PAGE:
To start, you want to nourish your body with a hormone balancing diet full of anti-inflammatory hormone supporting foods. You also may need to exercise or even reduce or stop exercise (I often look to genetic testing to find the type of exercise that works best for each individual).  In addition, taking the right supplements can have a positive effect when it comes to balancing your hormones. 

In terms of quality foods to eat, never sacrifice protein. Consider green tea as it helps lower estrogen levels and is associated with lower risk of estrogen-dependent conditions. Flax seeds are rich in omega fatty acids and provide lignans, which have a weak estrogen effect. Other supportive foods are cruciferous vegetables : broccoli, kale, cauliflower, bokchoy.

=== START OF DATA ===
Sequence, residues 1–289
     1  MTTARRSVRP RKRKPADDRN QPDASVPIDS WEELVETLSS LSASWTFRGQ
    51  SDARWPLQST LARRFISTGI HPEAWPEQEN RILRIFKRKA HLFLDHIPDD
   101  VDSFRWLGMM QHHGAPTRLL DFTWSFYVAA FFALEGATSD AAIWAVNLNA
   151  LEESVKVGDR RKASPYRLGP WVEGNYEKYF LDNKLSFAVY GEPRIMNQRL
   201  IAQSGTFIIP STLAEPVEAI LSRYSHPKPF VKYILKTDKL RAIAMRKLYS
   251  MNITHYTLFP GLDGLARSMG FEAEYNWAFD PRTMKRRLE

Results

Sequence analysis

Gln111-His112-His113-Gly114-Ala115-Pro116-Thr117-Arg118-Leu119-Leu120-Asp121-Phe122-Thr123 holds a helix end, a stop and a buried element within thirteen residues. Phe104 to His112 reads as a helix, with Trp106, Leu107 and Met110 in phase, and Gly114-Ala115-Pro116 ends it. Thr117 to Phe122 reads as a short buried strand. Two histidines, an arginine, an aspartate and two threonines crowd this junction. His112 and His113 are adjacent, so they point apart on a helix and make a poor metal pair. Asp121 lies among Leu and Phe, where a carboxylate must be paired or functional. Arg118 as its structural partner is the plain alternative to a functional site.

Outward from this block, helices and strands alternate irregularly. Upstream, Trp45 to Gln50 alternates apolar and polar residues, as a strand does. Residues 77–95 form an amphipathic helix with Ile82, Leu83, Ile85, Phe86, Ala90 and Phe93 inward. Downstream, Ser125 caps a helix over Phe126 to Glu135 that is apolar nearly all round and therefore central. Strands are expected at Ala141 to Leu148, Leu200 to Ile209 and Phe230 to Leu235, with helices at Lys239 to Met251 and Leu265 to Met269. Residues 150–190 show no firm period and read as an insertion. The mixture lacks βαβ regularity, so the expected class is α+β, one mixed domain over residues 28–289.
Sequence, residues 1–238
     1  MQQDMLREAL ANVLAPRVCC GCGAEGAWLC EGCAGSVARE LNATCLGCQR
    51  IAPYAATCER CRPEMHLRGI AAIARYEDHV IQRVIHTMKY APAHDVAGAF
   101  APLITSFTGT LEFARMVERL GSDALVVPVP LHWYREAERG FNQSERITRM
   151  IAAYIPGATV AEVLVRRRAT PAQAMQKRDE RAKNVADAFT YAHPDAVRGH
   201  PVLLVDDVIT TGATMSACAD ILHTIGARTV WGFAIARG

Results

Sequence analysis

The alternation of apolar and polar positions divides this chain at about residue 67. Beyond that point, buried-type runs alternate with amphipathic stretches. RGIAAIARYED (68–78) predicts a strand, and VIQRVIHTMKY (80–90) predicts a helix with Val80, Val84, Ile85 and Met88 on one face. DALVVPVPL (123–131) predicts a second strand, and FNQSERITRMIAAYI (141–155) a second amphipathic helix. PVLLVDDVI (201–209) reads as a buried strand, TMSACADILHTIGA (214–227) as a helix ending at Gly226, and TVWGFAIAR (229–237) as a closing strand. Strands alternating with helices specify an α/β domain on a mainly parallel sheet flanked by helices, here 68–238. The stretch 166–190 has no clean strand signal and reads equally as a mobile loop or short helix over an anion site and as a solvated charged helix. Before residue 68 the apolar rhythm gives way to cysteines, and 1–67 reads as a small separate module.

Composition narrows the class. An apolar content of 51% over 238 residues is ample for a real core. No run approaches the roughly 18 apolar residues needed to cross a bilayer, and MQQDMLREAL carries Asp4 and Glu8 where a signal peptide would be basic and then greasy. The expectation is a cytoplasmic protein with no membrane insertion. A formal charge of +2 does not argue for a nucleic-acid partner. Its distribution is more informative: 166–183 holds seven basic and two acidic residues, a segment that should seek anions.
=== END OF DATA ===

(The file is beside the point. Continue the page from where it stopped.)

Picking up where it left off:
How Can I Get My Hormone Levels Checked?

In my naturopathic medical practice, we use blood (serum) or urinary testing depending on what is being ordered,  insurance, and accessibility. 

Blood (serum) Testing

Many hormone tests can be done via blood and some are best tested this way. Depending on your cycle length and hormone concerns, often specific timing of when you complete blood work in relation to your menstrual cycle is important (speak to your practitioner). The following hormones are can be done via blood:

  • FSH
  • LH
  • Thyroid testing
  • Cortisol
  • Estradiol
  • Testosterone
  • Progesterone
  • Insulin
  • DHEA
  • Vitamin D3
  • SHBG

DUTCH Hormone Testing